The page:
"What services do you currently offer that could potentially be turned into a revenue stream?"

The correct answer will depend on how your business typically operates and what works well with your clients, though typically anything classified as a support retainer is charged hourly. Services that align more to strategic advice and customization have a bigger impact on your client’s bottom line, and will therefore allow you to add more value.

Here’s an example of how this could be done across two different service types:

Service Type 1: Support Retainers

  • Inclusions:
    • Service and maintenance
    • Quick changes
  • Productization examples:
    • Sell in packs of hours
    • Ongoing retainers of X hours/month
  • Pricing Strategy:
    • Hourly
  • When to sell:
    • In the initial sales process as part of maintenance
    • If a client asks for updates beyond additional scope of work

Service Type 2: Strategic Advice and Customization

  • Inclusions:
    • Creates value for the business
    • Assists in business growth or toward their goals, i.e. increases cart size, assists in increasing revenue
  • Productization examples:
    • UX recommendations
    • Implementation of Shopify Flow automation tool
    • Training to use the Shopify platform
  • Pricing Strategy:
    • Value based pricing
  • Based on the impact it will have on the business and outcomes
  • When to sell:
    • When new technology is released or there is a shift in the client’s market
    • If a website isn’t performing as desired
    • Three and six month reviews of performance once a site has launched

2. Master your project management to keep the revenue coming in

service revenue retainer

Perhaps the most important consideration is whether your team has the capacity and project management skills to accommodate the extra work that may be generated by these efforts. You’ll need to figure out how you’re going to manage any ongoing projects, including who will be responsible for managing the outputs, client service, and any project management tools you use. Consider whether a separate team should take over the ongoing project, or whether it should stay with those who handled the initial project.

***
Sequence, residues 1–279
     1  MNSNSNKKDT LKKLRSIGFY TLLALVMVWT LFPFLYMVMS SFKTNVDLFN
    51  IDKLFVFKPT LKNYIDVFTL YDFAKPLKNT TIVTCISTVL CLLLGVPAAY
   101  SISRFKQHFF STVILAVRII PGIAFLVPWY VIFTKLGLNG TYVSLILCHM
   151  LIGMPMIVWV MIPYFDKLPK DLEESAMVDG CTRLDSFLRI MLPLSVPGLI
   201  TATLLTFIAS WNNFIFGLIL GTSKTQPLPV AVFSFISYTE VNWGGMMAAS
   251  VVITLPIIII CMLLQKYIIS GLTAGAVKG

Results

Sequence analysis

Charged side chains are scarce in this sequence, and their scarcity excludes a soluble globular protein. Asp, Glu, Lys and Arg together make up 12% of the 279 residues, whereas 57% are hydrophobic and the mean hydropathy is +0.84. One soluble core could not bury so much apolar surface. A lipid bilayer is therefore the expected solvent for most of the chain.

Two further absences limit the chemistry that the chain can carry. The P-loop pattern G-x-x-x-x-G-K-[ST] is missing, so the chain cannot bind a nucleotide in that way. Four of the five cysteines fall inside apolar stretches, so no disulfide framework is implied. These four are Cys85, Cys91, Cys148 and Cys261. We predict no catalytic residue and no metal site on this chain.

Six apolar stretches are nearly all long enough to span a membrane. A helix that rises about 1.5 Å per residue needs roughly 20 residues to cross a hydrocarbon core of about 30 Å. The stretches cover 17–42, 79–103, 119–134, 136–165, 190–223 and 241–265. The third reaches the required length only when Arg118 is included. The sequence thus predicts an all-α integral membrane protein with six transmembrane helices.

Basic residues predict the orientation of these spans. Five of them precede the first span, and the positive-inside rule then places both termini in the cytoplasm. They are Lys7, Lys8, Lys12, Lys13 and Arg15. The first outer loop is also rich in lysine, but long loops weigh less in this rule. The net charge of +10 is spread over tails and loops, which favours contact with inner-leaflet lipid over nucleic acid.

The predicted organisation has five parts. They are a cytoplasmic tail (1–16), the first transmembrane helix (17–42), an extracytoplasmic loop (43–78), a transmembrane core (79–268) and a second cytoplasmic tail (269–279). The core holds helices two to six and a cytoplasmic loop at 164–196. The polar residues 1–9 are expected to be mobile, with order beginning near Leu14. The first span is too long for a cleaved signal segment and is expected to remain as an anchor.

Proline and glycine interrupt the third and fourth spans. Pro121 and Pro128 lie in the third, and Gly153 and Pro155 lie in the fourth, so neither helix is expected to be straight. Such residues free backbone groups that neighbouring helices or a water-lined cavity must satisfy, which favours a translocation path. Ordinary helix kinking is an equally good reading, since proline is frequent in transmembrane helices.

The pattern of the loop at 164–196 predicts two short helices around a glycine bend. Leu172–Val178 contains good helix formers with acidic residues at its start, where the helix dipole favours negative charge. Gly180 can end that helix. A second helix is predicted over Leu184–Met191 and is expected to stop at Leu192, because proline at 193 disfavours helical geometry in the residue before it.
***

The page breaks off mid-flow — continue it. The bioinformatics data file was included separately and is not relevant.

Hot Tip: Prior to assessing whether a new service will be a success within your business, select a pilot team to roll out the first few projects. If the service is taking off, look at longer term resourcing and if a new service team is required to deal with the workload.

Forecast to manage resources

In order to ensure there are enough resources within your business, you’ll need to look at implementing key tools and forecasting analysis to assess what sales are in the pipeline and the capacity in your current team to handle the influx.

Here is a useful tool to predict your incoming revenue:

Value of current sales and/or proposals in market / Historical percent of sales sign-offs = Incoming revenue.

Apply this to your current team’s workload/capacity management. For example:

$100,000 sales in market / Average of 50 percent sign-off rate = $50,0000 in value that will need to be managed by your team. You may then convert this to hours, if that is how you manage workloads internally.

In order to keep the revenue coming in, you’ll also need to implement a strategy both internally with your staff and externally to your clients.

Hot Tip: Offer a new service to a long-term happy client for a reduced cost as a way of testing the process of your new service retainer before taking it to market.